Tuesday, April 8, 2014

Biodiversity and Access to Sustainable Development

Opinion article by: Marcela Marin Mira* (mmarin@eafit.edu.co ) 
International Business student at Universidad EAFIT, Colombia

The United Nations Conference on Trade and Development - UNCTAD's Division on International Trade and Commodities, which seeks the promotion of inclusive and sustainable development in international trade, launched the BioTrade Initiative in 1996. This Initiative, being the longest running United Nations initiative on business and biodiversity, has focused its efforts on supporting the Convention on Biological Diversity (CBD) and has developed programs for different regions and countries to enhance the sustainable bio-resources management, product development, value adding processing and marketing.

As stated by the CBD, “Biodiversity is the source of many products and services utilized by society and its sustainable use is thus fundamental for long-term sustainable development”, and that is why it is of great importance to work on the integration of groups of businesses and communities, governments, universities, trade promotion organizations, chamber of commerce and regional and international organizations in order to meet the BioTrade Target, achieving a significant reduction of the rate of biodiversity loss, as this goal has failed to be achieved in the past without counting on effective and rapid responses.

Leading BioTrade to businesses is not only about ensuring the conservation of the environment but also mitigating the negative impacts on the populations, particularly those disadvantaged populations into the world economy.

The Millennium Ecosystem Assessment (MA - initiated in 2001) that has the goal of assessing the current condition and trends in the ecosystems and the services they provide (such as food, clean water, forest products, flood control and natural resources) to give options looking forward its restoration, conservation, sustainable usage and contribution to human well-being has conclude, in one of its reports, that 60% of the world’s ecosystems are degraded or unsustainably used and are directly impacting the livelihoods of the populations that depend on these resources.

The above reasons have moved many countries to implement sustainable management plans and legal frameworks. To mention we have Bolivia which has succeed by using the basis of a land-use planning model in cooperation with the European Commission that promotes sustainable development, protecting the rights of indigenous peoples living in affected areas. In Southern Africa, the concentration on the development of products derived from native biodiversity has benefited many producers. In the Peruvian Amazon, a big amount of rural families participate in the extraction of Camu-camu (native tree). In Namibia, Marula to harvest trees is very easy and is a means of opportunity for rural women.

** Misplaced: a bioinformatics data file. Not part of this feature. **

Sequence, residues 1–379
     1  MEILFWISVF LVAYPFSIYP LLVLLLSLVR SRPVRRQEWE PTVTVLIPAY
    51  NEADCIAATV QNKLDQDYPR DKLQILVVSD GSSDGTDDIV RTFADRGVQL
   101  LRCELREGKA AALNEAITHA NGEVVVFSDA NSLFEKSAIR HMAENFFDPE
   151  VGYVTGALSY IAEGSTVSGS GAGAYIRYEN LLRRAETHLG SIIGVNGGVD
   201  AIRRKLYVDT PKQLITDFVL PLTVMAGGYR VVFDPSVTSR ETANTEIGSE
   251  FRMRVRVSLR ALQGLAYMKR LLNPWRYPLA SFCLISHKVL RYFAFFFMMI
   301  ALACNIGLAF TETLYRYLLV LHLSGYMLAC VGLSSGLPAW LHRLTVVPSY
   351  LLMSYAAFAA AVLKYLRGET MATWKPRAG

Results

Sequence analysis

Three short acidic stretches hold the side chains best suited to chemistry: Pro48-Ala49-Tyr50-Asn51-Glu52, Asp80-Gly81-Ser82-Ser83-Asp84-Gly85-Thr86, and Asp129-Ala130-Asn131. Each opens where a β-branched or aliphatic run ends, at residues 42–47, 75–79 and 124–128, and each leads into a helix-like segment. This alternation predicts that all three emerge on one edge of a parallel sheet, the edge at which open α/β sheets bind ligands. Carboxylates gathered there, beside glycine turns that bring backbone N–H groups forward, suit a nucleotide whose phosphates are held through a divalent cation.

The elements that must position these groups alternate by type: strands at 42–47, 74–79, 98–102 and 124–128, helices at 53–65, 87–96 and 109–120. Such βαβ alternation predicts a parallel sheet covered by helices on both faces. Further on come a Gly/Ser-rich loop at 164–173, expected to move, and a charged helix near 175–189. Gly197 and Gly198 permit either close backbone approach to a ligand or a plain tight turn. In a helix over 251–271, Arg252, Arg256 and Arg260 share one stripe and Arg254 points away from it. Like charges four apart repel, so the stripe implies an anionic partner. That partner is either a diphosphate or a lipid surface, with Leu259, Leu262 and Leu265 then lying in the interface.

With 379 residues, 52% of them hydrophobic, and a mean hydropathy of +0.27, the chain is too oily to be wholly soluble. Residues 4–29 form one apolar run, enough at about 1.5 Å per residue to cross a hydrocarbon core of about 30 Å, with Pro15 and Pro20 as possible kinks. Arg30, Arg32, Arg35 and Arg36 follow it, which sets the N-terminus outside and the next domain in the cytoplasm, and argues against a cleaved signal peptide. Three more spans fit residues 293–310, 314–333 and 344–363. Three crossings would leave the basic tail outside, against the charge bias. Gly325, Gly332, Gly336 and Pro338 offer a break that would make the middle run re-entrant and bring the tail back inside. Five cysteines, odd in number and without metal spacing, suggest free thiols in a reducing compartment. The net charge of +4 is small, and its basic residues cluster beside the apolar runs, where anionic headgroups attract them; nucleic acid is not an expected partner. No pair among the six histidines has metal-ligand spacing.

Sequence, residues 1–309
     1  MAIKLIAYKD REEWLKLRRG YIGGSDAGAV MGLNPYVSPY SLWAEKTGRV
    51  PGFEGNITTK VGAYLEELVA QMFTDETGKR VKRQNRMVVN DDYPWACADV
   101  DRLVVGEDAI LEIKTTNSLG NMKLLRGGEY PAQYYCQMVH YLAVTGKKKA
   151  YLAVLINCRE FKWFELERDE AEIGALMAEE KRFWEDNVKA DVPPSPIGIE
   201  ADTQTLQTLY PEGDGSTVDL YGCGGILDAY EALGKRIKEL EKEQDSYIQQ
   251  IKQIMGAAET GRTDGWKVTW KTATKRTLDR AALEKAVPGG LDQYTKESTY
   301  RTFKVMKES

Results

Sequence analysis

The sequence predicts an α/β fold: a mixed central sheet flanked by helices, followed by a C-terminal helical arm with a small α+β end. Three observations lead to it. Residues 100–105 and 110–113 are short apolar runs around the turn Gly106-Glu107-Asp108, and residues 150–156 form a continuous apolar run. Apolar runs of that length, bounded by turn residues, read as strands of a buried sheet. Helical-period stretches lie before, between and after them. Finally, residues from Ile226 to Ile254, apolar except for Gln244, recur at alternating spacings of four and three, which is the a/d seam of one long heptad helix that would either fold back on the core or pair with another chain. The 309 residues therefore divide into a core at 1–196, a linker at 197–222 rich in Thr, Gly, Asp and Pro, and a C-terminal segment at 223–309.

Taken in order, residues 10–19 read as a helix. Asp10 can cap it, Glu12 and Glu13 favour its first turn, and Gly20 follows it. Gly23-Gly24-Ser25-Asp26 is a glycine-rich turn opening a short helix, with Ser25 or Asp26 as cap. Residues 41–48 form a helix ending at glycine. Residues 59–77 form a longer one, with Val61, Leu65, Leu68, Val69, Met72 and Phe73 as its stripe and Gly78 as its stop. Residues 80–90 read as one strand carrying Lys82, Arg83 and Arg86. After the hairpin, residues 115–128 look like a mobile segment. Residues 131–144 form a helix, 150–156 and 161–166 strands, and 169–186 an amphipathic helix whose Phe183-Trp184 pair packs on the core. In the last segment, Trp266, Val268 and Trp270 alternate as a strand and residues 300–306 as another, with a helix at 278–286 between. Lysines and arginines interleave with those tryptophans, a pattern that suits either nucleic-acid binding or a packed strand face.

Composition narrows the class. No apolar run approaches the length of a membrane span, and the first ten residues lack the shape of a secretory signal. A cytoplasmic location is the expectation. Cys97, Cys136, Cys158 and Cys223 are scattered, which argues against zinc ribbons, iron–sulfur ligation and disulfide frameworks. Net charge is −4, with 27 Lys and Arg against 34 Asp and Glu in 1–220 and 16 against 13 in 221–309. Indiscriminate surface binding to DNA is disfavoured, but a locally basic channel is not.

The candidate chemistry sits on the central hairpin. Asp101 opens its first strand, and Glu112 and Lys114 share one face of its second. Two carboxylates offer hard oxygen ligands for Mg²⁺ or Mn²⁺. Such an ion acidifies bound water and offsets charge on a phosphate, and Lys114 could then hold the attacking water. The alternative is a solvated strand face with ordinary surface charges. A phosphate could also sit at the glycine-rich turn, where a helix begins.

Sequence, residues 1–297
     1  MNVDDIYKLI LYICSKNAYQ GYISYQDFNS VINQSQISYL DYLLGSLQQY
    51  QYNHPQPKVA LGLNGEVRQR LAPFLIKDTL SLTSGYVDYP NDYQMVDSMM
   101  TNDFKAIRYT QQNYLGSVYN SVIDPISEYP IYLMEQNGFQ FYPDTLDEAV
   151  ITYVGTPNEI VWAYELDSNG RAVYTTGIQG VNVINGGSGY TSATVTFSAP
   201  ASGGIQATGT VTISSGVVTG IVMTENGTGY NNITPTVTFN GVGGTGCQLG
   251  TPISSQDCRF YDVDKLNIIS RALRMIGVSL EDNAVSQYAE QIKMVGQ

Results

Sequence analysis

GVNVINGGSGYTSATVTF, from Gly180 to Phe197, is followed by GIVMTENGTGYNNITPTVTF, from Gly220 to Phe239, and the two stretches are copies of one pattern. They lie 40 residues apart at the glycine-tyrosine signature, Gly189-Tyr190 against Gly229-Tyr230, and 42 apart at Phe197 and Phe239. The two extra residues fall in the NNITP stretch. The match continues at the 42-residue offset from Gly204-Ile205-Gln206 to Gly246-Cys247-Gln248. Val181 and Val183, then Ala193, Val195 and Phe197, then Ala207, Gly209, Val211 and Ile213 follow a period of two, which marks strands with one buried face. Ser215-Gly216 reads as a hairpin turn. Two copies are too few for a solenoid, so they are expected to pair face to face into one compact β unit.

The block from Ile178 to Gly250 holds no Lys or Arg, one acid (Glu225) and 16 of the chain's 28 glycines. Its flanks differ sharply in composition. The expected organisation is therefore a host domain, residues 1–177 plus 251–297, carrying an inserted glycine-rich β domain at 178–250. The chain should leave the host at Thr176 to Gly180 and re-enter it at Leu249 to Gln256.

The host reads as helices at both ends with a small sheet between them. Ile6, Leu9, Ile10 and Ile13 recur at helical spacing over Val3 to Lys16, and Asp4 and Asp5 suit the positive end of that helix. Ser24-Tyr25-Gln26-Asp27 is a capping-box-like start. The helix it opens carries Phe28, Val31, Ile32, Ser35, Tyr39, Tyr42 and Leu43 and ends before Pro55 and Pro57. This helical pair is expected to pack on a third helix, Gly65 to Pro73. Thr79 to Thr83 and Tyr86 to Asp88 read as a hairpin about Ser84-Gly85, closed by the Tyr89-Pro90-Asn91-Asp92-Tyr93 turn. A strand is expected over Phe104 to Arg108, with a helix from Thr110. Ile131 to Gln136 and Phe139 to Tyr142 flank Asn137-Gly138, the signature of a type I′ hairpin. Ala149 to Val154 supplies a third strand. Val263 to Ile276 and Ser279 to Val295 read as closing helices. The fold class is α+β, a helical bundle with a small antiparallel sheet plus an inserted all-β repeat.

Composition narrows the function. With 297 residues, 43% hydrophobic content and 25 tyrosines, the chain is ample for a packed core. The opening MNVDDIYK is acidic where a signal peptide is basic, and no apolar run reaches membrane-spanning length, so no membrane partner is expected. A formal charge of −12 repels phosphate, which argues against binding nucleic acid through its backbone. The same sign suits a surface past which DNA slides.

On the other hand, we have the formulation and implementation of policies such as the EU Novel Foods Regulation that ensures a high level of human health and consumers’ protection.

After the Second World War the human-being started to think the environment as an important issue for an integral development, but it was in the period from 1972 to 1992 where this concern had the greatest expansion, because the countries around the world began to consider it as part of a juridical framework. After 1992, when the Rio Declaration on Environment and Development (includes 27 environmental principles) took place, we have noticed some advancement on this matter, but not as influential as it should be in the International Law.

Unless biodiversity is still an emerging trend, it is expected to accelerate in the years to come, because producers and consumers are, increasingly, understanding what biodiversity is and valuing its importance.


CBD (2014). Obtenido de Convention on Biological Diversity: http://www.cbd.int/gbo3/

Escobar, E. (23 de Marzo de 2012). A magazine on Business and Biodiversity. Obtenido de BioTrade Initiative: http://www.biotrade.org/privatesector4.asp

International Trade and Commodities. (s.f.). Obtenido de UNCTAD: http://unctad.org/en/pages/DITC/DITC.aspx

Millenium Assessment (2014). Obtenido de Millennium Ecosystem Assessment: http://www.millenniumassessment.org/en/About.html#1

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